The subject of Psalm 103 that so uncontainably elicited praises from David is repeatedly referenced throughout the chapter: God’s steadfast and unconditional Love.

Bless the Lord, O my soul and all that is within me, bless his holy name.  Bless the Lord…who crowns you with steadfast love and mercy (vss 1 & 4); …the Lord is merciful and gracious, slow to anger and abounding in steadfast love (vs 8); …He does not deal with us according to our sins, nor repay us according to our iniquities.  For as the heavens are high above the earth, so great is his steadfast love towards those who fear him; as far as the east is from the west, so far he removes our transgressions from us (vss 10-12); …But the steadfast love of the Lord is from everlasting to everlasting (vs 17)…Bless the Lord, O my soul (vs 22).

When we began to realize what David began to realize—that no matter our questions, our sins, our brokenness, or our uncertainties—when we began to realize that whether in sunshine or storm, privilege or pain, riches or poverty, health or sickness, life or death, when we began to get that always and in all ways God forever loves us and there’s nothing we (or anybody else) can do to change that…when we remember the steadfast love of God, we find ourselves honestly and with integrity joining in the praise: Bless the Lord, O my soul and all that is within me, bless his holy name!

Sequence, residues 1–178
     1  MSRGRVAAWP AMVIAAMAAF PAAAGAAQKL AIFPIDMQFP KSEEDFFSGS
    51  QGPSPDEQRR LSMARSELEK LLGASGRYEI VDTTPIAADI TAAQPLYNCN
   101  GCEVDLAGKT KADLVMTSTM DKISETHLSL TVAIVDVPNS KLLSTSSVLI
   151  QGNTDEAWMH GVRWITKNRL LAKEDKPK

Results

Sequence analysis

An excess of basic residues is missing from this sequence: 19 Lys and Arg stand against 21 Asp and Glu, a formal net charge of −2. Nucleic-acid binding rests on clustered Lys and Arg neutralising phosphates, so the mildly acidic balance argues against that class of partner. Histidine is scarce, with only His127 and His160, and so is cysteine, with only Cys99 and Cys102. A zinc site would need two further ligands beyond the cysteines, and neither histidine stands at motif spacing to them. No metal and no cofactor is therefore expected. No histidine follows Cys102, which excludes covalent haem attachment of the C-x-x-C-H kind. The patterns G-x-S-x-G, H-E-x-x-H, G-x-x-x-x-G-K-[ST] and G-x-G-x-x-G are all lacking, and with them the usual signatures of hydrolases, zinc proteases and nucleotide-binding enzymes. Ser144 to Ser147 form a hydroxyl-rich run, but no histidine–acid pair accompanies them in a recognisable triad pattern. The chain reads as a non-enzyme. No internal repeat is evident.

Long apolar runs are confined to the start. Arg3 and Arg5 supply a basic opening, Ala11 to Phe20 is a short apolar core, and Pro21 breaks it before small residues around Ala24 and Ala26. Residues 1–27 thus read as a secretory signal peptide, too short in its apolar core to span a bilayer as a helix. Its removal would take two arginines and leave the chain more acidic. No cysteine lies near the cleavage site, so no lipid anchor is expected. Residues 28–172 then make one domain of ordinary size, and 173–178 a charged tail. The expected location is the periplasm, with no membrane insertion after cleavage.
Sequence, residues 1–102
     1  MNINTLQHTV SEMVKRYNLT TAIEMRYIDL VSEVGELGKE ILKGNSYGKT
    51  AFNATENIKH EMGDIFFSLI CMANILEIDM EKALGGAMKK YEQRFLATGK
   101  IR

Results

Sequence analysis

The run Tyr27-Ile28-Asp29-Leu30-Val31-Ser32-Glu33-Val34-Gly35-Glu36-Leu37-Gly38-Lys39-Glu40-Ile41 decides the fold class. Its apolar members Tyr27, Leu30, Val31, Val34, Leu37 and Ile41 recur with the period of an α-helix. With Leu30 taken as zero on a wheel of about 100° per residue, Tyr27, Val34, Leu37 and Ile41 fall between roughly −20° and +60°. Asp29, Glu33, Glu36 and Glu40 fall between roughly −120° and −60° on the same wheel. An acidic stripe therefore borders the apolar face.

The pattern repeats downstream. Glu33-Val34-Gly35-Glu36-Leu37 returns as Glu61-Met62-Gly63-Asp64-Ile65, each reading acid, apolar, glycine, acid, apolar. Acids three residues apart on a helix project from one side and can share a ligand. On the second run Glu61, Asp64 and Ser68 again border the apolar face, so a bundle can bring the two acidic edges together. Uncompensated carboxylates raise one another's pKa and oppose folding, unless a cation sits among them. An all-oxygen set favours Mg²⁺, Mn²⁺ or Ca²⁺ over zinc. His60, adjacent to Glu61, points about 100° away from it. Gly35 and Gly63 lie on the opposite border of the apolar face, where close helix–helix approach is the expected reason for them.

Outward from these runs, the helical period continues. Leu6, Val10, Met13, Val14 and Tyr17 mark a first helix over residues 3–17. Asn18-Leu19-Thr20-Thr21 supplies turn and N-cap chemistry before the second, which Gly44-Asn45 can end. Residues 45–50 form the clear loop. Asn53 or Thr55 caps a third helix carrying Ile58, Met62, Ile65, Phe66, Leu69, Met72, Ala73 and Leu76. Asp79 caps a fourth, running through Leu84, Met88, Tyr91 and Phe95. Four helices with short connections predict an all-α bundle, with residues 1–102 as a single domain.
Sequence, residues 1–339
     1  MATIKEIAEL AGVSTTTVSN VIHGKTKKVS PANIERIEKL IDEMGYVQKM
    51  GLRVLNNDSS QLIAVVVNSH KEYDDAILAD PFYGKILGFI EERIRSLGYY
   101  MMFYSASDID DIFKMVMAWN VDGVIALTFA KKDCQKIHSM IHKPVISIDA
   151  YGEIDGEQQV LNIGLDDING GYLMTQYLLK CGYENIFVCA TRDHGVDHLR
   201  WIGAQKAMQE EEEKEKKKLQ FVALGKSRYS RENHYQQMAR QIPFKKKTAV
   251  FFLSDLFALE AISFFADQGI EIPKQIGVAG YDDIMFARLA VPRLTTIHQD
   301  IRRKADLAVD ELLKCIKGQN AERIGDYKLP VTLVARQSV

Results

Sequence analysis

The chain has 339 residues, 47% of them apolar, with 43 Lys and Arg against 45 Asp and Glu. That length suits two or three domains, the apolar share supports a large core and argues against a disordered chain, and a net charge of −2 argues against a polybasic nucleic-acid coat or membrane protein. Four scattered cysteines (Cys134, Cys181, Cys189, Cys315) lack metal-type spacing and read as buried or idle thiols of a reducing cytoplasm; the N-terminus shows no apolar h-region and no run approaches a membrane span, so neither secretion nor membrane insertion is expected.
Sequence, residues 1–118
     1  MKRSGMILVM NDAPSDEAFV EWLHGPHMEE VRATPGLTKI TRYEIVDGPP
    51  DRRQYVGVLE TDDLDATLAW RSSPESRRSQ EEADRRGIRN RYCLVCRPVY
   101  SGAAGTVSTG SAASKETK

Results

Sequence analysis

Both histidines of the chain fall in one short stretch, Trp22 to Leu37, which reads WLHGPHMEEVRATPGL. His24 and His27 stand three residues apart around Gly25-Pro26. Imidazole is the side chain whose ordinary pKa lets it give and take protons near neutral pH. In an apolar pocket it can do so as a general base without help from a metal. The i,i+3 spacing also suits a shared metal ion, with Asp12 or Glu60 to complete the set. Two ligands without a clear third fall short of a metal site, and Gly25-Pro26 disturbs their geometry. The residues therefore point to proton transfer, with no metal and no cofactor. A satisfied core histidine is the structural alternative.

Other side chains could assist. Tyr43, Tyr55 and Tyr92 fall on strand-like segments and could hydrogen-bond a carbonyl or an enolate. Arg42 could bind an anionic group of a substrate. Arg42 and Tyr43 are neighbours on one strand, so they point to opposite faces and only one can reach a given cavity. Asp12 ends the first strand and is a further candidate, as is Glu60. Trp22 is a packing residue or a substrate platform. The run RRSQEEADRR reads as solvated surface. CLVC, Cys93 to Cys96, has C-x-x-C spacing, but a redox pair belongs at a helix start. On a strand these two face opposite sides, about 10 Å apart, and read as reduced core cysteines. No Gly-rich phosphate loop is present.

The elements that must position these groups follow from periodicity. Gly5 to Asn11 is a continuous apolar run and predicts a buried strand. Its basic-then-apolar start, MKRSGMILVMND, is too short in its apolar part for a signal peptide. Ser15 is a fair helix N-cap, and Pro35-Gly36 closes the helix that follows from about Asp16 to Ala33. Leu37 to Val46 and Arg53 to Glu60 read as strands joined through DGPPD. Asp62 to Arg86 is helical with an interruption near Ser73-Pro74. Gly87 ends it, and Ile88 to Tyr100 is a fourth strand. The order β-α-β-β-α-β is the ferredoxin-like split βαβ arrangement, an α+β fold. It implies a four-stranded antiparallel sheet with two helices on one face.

Return to the GPS Guide to read today’s scripture and reflection questions.

Wednesday 8.24.11 Insight from Rev. Steven Blair

Rev. Steven Blair is the Congregational Care pastor of Resurrection’s Support Ministries.

“I cried to my God for help”
WEDNESDAY 08.24.11   Psalm 18:1-19

God’s Power + The Dixie Chicks
I have two songs in mind.  The first is a new Christian song called “Our God” by the King of Christian Contemporary Music, Chris Tomlin.  You can listen to it here   The music swells with an emotional declaration that:
Our God is greater, our God is stronger
God You are higher than any other
Our God is Healer, awesome in power
Our God, Our God…

And if Our God is for us, then who could ever stop us
And if our God is with us, then what can stand against?
And if Our God is for us, then who could ever stop us
And if our God is with us, then what can stand against?
What can stand against?

 Psalm 18 is written with that same sense of awe.  God is Big.  Very Big.  God is strong.  Very Strong.  He shot his arrows and scattered the enemy, with great bolts of lightning he routed them (Psalm 18:14.)”  All other forces of nature, all schemes of man are incompetent in comparison to God.  Much like singing “Our God” or “How Great Thou Art,” the simple reciting of Psalm 18 raises our awareness that we have faith in a God who can provide for our greatest need, forgive our most secret of sins, and can bring light to our darkest day.  Our God is Greater, indeed.

 The second song is from The Dixie Chicks, “Wide Open Spaces.”  Psalm 18:19 states “God brought me out into a spacious place; he rescued me because he delighted in me (Psalm 19:18).”  I love this image of a spacious place as the image of what salvation feels like.  Where Sin feels more like Egypt a place of restricted movement , Salvation from that Sin looks like having space to breathe and live fully.